“The tunnel project offers no reliability, incurs massive environmental damage, decimates delta communities, and results in higher water costs for Southern Californians,” the Sierra Club said.

Restore the Delta said early on that the project would not support levees in the delta, would be susceptible to earthquakes and negatively affect minority communities across California.

Three Democrats representing delta residents in Congress — Josh Harder, John Garamendi, and Jerry McNerney — have joined together on an amendment to the 2023 federal budget which would prohibit the Army Corps of Engineers from issuing a Clean Water Act permit for the project. The budget passed the House in July.

“I refuse to let politicians in Sacramento get away with a water grab that would take Valley water and ship it downstate,” said Harder. “It’s time we protect our valley water so every farmer, rancher, mom and dad has the water they need to support their business and their family. My family has spent generations on the delta, and I plan on protecting it so my daughter can do the same.”

Still, over 15 water contractors and agencies in Central and Southern California have shown their support — financially and otherwise — for the project.

“It is critical that we do everything we can to make sure this vital water supply remains reliable,” Metropolitan Water Board chair Gloria D. Gray said after her group voted to fund its share of the draft environmental impact report. “It not only provides nearly one-third of the water used in Southern California, it is also one of our most affordable and highest quality supplies. This action helps ensure our communities can rely on this water for generations to come.”

Carrie Buckman, environmental program manager at California Department of Water Resources, told the Delta Independent Science Board at its July meeting that the draft report would only examine conditions as they are today and would not take into account the future effects of climate change. The California Environmental Quality Act (CEQA) does not require projects to look at long-term effects from climate change.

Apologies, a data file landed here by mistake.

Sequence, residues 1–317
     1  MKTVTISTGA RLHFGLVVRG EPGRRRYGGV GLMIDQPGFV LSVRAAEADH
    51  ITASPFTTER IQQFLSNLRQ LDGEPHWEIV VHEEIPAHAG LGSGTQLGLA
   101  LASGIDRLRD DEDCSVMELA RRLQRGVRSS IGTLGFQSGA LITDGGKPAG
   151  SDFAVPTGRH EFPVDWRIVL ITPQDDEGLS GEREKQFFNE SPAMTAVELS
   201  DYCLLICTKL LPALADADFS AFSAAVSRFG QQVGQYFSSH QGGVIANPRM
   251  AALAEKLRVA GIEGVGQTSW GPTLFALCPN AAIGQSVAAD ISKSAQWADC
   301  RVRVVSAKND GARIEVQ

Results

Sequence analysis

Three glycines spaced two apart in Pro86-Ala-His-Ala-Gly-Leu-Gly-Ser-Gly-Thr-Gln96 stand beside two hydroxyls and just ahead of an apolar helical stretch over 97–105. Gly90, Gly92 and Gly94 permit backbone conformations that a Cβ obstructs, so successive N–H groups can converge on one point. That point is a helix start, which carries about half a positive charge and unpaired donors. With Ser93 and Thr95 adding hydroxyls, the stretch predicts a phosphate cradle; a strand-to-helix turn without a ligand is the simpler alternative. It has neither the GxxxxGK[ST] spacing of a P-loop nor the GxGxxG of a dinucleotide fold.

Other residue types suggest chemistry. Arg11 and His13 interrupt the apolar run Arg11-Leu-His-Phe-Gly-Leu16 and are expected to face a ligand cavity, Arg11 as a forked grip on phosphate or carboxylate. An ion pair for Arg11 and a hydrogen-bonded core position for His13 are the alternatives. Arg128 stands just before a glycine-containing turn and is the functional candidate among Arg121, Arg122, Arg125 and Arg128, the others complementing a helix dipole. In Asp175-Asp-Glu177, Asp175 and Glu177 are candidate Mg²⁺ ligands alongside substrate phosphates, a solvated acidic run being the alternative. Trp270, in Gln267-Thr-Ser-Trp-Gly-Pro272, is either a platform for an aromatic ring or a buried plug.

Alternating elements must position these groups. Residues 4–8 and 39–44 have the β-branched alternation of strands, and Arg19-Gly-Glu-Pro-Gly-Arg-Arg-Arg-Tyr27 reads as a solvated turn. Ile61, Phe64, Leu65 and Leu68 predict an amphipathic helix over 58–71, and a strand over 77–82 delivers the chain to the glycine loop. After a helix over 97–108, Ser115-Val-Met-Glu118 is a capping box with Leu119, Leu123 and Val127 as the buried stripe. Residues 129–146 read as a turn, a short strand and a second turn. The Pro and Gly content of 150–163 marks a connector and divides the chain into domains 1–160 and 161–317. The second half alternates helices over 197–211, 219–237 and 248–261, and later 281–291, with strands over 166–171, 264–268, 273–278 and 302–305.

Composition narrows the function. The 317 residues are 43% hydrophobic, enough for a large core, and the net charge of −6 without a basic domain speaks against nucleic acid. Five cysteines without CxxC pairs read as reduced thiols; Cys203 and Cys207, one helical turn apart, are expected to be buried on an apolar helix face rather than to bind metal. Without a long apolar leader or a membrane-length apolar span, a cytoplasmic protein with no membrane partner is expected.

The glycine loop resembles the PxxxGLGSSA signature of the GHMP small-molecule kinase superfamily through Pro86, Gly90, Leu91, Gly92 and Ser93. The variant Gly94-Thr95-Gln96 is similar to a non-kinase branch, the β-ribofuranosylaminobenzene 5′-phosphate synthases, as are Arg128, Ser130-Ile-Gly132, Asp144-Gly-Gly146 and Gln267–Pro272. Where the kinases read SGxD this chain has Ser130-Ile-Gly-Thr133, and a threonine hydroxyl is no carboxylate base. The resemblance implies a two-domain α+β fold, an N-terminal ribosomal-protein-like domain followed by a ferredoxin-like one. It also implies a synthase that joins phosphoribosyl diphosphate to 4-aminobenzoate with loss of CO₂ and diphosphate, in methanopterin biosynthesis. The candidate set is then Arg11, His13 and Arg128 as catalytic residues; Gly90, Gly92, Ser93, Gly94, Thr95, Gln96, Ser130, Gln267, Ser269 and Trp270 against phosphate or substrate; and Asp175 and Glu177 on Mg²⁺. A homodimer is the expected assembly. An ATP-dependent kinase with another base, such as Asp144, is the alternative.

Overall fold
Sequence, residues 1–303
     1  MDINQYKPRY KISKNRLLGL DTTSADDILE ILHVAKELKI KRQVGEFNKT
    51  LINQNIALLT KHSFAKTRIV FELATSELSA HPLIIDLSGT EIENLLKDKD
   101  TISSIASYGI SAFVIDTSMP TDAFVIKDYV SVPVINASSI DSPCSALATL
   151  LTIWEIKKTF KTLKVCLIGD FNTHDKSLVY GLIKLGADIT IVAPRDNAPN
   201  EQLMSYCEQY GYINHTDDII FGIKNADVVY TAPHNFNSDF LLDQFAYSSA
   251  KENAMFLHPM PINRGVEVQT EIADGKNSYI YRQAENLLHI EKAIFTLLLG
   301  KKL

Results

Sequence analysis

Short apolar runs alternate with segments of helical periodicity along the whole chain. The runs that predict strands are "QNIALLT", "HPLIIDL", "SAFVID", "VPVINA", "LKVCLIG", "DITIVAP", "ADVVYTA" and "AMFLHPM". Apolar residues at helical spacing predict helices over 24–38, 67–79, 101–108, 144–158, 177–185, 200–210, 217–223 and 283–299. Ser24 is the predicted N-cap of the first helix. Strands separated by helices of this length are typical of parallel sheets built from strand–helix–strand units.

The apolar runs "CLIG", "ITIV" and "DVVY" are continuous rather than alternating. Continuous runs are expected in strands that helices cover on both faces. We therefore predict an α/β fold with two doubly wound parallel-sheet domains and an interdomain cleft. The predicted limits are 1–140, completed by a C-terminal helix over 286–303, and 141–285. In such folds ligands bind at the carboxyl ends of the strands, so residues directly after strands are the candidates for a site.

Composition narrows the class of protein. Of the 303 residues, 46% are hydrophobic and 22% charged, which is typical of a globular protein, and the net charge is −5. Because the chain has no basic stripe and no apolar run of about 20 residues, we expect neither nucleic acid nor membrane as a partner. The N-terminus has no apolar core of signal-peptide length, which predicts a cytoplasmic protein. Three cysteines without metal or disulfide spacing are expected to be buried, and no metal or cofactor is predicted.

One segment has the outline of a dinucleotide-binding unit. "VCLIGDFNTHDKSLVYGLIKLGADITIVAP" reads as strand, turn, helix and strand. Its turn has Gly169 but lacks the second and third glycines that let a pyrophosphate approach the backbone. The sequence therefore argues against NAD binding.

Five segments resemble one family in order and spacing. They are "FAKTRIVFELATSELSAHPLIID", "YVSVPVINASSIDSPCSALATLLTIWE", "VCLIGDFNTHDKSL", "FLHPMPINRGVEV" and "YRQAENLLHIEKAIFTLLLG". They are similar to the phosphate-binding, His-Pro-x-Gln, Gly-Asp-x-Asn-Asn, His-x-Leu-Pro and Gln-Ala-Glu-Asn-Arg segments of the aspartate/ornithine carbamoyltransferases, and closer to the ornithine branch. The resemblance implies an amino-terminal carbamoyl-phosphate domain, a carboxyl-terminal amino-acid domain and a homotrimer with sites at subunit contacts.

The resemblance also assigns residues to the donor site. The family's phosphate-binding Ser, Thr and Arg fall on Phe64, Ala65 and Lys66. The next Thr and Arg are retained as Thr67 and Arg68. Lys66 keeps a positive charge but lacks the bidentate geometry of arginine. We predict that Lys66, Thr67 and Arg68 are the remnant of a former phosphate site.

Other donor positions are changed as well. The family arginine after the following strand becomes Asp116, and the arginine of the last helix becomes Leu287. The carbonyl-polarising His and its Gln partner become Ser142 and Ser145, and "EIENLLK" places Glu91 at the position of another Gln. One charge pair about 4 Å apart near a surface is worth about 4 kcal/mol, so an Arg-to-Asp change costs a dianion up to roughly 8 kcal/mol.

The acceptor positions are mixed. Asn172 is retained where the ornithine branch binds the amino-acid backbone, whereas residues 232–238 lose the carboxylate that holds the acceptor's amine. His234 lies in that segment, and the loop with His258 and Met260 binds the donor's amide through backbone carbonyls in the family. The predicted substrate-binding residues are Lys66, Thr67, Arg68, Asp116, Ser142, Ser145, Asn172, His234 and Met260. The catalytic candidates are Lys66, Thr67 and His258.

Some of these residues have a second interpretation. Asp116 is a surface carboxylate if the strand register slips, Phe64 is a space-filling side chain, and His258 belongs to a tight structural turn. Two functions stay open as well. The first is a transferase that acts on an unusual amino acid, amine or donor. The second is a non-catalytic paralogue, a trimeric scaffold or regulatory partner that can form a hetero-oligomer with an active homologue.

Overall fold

While the draft report discusses the effect of sea level rise and other issues caused by climate change it would not influence the decision made on which route to go.

The report authors ran 10 climate models and two emission models. The climate models were used to predict future river flows and changes in precipitation but did not account for short-term flooding events. The models were used to predict when and how much water would be available to pump through the project, especially with changing precipitation.

As proposed, the tunnel would run along the eastern side of the delta. Two intakes would be built near the community of Hood, approximately two miles south of Sacramento. Each facility would pump 3,000 cubic feet per second into a single tunnel which would run south and east through the community of Thornton and underneath a number of delta islands, sloughs, levees and more.

The water would then be discharged into the Bethany Reservoir and an aqueduct would be built to transfer water to the currently existing water project pump stations.

The project would be supported by funding from various water agencies who will get the delta water as well as through bonds. Construction may take 12-15 years, with completion by 2040.

Comments are now being accepted on the draft report through Oct. 27. The public will also be able to comment during three virtual meetings planned for September.

Categories / Environment, Regional